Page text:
“Let the patient decide” – Person-centered postoperative follow-up contacts, initiated via a phone app after day surgery: Secondary analysis of a randomized controlled trial
Karuna Dahlberg, Maria Jaensson, Ulrica Nilsson.
International Journal of Surgery, Volume 61, janvier 2019.
Patients undergoing day surgery are expected to manage their recovery on their own. Follow-up routines differ, but many patients have expressed a need for more professional support during recovery. The aim of this study was to describe how many follow-up contacts were initiated, and when and why, via a digital solution. Also, we wanted to compare postoperative recovery and characteristics between patients requesting, and patients not requesting, contact.
Materials and methods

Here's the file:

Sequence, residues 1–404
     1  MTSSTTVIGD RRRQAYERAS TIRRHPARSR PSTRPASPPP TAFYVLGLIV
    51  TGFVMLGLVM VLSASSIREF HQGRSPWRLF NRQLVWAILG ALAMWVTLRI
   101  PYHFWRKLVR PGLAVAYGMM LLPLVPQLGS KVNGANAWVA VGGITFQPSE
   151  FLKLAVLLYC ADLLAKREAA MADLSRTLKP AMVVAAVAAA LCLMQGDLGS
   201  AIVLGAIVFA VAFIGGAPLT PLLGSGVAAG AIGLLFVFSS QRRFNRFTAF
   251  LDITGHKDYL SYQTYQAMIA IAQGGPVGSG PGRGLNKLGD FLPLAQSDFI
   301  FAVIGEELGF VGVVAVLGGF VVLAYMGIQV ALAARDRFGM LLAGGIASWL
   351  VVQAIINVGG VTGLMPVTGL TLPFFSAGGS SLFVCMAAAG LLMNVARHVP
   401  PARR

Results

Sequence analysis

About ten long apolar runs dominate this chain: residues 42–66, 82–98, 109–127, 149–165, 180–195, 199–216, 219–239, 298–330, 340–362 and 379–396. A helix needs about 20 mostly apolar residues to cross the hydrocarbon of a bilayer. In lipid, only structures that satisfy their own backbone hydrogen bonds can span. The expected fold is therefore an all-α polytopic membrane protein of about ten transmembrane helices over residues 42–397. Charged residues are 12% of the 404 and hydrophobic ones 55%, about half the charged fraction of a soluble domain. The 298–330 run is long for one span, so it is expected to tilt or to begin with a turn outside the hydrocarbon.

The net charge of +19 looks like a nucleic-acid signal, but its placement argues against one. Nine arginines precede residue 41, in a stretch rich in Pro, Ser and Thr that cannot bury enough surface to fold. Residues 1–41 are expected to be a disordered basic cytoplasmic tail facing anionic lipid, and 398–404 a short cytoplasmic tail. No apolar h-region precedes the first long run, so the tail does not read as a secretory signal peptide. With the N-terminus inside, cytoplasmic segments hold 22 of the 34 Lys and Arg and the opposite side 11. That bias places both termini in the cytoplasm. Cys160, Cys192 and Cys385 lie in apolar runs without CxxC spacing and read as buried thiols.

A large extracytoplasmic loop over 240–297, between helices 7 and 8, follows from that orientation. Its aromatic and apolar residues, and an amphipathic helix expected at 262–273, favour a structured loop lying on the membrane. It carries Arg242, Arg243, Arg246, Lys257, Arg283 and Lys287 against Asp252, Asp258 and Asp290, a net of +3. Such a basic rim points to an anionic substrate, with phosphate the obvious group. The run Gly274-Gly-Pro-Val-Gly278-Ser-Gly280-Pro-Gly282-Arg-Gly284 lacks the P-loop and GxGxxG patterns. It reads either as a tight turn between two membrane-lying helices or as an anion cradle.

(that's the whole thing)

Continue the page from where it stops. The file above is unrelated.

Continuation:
This was a secondary analysis of a multicenter, two-group, parallel randomized controlled trial. Participants used a digital solution called “Recovery Assessment by Phone Points (RAPP)” for initiating follow-up contacts after day surgery. The quality of postoperative recovery was measured with the Swedish web-version of Quality of Recovery.
Of 494 patients, 84 (17%) initiated contact via RAPP. The most common reasons for initiating contact were related to the surgical wound and pain. Contacts were initiated across the 14-day assessment period, with 62% (62/100) in the first postoperative week. The RAPP contact group had significantly poorer postoperative recovery on days 1–14 compared to those not requesting contact via RAPP (p < 0.001). There was a significantly higher proportion of patients who had undergone general anesthesia in the RAPP contact group (85% [71/84]) compared to the non-RAPP contact group (71% [291/410]), p = 0.003.
Letting the patient decide him/herself whether, and when, contact and support is needed during the postoperative period, is possible and does not increase the frequency of contacts. This study investigates a digital solution, RAPP, as one example of a person-centered approach that can be implemented in day surgery follow-up.
Keywords: Ambulatory surgery; Follow-up; eHealth